I’m starting to write this on Australia Day, but it’ll probably be Monday by the time you read it! I’ve just heard on the radio and read in ‘The Australian’ about our Australians of the Year and was absolutely delighted to recognise some names: Professor Michelle Simmons (Australian of the Year), leading Australia’s quantum computing team, Dr Graham Farquhar (Senior Australian of the Year), a biophysicist, and maths teacher Eddie Woo (Australia’s Local Hero) with brilliant YouTube videos explaining many mathematical concepts.
Out of the four awards (there is also a Young Australian of the Year which was awarded to Samantha Kerr), three of these were given to the scientists and mathematician mentioned above. I think that’s very exciting, given that the awards don’t specifically target STEM professionals, instead the criteria for selection are:
- Demonstrated excellence in their field
- Significant contribution to the Australian community and nation
- An inspirational role model for the Australian community
So you can see. Not specific to STEM, just being an awesome Australian! In fact, since 1960 when the awards began, only 6 of the 62 awards were given to scientists.
In light of this, I think it’s really great to hear about 2 scientists and a maths teacher in the newspapers and on the radio this year. Perhaps Australia’s willing to recognise that science is every bit cooler than sport. Isn’t recognising 14 sportspersons and only 6 scientists discrimination? In our increasing ‘politically correct’ world shouldn’t we be closing that gap … 10 sports, 10 science?
But now, talking about prejudice, Prof Michelle Simmons is that rare female scientist who’s risen through a male-dominated field to lead Australia into “the space race of the computing era”. But what I like best about her is that she doesn’t care too much about that. In her speech on Friday she addressed this issue, “Throughout my career, I found people often underestimate female scientists. In some ways for me that has been great, it has meant I have flown under the radar and have been able to get on with things.”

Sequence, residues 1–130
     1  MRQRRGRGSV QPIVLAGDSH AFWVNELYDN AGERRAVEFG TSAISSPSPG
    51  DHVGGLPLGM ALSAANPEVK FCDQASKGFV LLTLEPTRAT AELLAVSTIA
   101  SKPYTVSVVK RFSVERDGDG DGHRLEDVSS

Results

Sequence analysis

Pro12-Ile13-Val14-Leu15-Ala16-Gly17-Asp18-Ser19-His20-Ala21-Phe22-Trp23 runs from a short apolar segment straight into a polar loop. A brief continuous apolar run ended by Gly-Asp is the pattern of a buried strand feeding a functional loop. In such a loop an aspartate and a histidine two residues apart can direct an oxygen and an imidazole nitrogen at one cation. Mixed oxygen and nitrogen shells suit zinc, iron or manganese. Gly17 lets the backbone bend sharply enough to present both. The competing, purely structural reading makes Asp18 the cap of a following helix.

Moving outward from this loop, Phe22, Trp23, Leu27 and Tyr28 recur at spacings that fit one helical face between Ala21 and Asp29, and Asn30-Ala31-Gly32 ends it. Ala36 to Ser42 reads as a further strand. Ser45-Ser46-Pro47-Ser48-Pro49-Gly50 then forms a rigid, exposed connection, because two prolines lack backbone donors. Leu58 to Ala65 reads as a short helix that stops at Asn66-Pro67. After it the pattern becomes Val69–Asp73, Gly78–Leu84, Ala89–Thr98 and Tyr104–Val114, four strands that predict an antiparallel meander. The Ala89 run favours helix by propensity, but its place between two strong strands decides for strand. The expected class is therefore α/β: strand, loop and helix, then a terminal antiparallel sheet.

To me, that sounds amazing. She’s been underestimated, but simply ignored it and now she’s at the top she’s keen to encourage women and other Australian scientists.
“Women think differently and that diversity is invaluable to technological and research development.” –Simmons
She makes it clear that we’re not just some big island on the other side of the world, but a place where ideas can flourish and grow.
Dr Graham Farquhar is an example of that. At the age of 70, he’s had a long and successful career in biophysics, which was recognised when he became the first Australian to win the Kyoto prize last year, an award equivalent to the legendary Nobel prize. His work includes developing sustainable agriculture and solving climate change problems … those are really important things that are so relevant today. In doing this work, he’s helping prepare Australia for a future with even less predictable weather (as if that could happen!).
And speaking of preparing for the future, the other STEM award was ‘Australia’s Local Hero’ given to Eddie Woo, “Australia’s most famous maths teacher”. His YouTube videos are taken directly from recorded classes he teaches, sharing his exciting and inspiring teaching style with the whole world. If you watch any of these, it’s pretty clear that he’s helping Australia’s future by preparing the scientists and mathematicians of tomorrow!
Preparing a Future
This year’s awards have shown us that we have a future in STEM:
High-tech and research development: Professor Michelle Simmons is leading Australia to building a quantum computing industry to solve some of the world’s biggest problems in healthcare, energy efficiency, climate models and so much more that current computers can’t.
Preparing the next generation: Eddie Woo is helping Australia’s senior maths students understand and love their subject, laying important groundwork for future science and math careers.
Keeping our world safe: Dr Graham Farquhar’s work is going to help us understand and work with climate change, while his agricultural work helps Australia to continue growing food despite severe drought.
I’d say we’re going to see the next generation of STEM in Australia absolutely flourishing!
You can read about the awardees and listen to their speeches here.